"What Doesn't Amateur Radio Understand?"
A Portion of a Response
Gary Coffman, KE4ZV
First published in the UseNet newsgroup, rec.radio.amateur.policy,
Monday, September 7, 1998 (Labor Day).
The following quoted text was posted by Gary Coffman, KE4ZV, in general response to those who claim that, along with no real need to restructure amatuer radio licensing at the present time,  some in amateur radio do not readily or easily share information, or seemingly demand a "higher level" of understanding than is really necessary or needed for licensing in amateur radio.
"I think anyone who reviews my posts on these newsgroups will be forced to concede that I share technical information just about as freely as is humanly possible to do."  

"While I have done engineering level work for the past 35 years, I was not trained as an engineer. I was trained as a nuclear physicist. I had to learn electrical engineering the same way I'd expect any amateur to learn it, from books, the technical press, and hands-on experience."  

"And of course almost all of this information is available to anyone who takes even a few moments to try to educate himself."  

"I suppose the [Georgia] Tech library would have most of the books I reference, though I haven't had a student ID over there for the last 30 years and couldn't say first hand. All of my books were purchased the same way you could purchase them. My local Barnes and Noble has most of them, or you can always get them through amazon.com. And there are a large number of resources on the web, notably manufacturer data sheets and application notes for most any device an amateur might encounter. I've found the time to search them out and study them. ...."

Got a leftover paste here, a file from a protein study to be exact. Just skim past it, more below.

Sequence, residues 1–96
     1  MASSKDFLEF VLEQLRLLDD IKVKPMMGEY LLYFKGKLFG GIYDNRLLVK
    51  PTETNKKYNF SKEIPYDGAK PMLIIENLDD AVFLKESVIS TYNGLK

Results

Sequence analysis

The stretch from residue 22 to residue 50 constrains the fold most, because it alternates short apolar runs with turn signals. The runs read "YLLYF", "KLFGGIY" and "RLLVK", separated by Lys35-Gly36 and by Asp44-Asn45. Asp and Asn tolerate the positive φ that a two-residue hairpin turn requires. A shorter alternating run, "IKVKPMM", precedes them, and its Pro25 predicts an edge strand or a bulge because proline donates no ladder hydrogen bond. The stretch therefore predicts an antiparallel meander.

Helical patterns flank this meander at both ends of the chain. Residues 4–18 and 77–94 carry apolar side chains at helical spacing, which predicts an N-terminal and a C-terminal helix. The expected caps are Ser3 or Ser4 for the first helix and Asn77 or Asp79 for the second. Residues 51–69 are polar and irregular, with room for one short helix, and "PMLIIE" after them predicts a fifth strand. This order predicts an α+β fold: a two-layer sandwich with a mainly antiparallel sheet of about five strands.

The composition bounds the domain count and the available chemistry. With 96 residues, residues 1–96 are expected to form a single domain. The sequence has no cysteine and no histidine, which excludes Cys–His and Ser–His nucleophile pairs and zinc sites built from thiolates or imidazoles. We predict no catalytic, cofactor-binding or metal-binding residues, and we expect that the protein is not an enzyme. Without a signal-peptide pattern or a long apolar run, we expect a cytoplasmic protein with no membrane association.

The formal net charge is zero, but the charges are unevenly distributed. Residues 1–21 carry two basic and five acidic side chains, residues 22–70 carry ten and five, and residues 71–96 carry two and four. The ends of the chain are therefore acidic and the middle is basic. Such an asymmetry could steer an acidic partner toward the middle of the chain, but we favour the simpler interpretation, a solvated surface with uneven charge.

"Whose fault is it that you don't understand? I'd suggest you look in the mirror to see.  Anyone can obtain the books and study them. There are plenty available, couched in terms all the way from rank beginner to expert. You only have to put forth a little effort to become acquainted with the material. It isn't beyond the capabilities of anyone with moderate intelligence and the ability to read and do some relatively simple math.  And there are those of us quite willing to help, to answer questions, to explain unclear points, etc. You have only to ask. The benefits to be gained from this knowledge are incredible, frankly revolutionary."  

"If you'll recall, I posted a bibliography of nine fundamental texts when we were discussing the Shannon relation and its relevance to ... absurd claims about Morse Code."  

"It still stuns me that you can show such pride in your ignorance, and assume that others take the same pride in deliberately remaining ignorant of the most fundamental basis of communications. Shannon's work totally revolutionized how competent people think about communications systems and information storage systems, and those who have followed him have developed a *large* body of work which impacts virtually every aspect of modern communications systems and information storage systems. If you think a blurb in the ITT handbook tells you all you need to know to be even marginally competent, or have even the most rudimentary ability to comment intelligently on what information theory tells us about communications techniques, you are sadly mistaken."